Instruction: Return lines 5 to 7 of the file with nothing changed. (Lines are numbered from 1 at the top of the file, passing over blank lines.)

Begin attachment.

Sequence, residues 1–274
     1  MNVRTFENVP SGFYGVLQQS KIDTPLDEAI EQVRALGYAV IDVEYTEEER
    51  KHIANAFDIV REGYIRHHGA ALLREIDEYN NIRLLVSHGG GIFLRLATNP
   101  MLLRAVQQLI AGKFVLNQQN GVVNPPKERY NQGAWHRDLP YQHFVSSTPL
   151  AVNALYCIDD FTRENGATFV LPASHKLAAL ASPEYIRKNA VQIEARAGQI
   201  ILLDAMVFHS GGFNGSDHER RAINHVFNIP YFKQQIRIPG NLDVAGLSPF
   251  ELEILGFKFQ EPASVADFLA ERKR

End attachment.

   151  AVNALYCIDD FTRENGATFV LPASHKLAAL ASPEYIRKNA VQIEARAGQI
   201  ILLDAMVFHS GGFNGSDHER RAINHVFNIP YFKQQIRIPG NLDVAGLSPF
   251  ELEILGFKFQ EPASVADFLA ERKR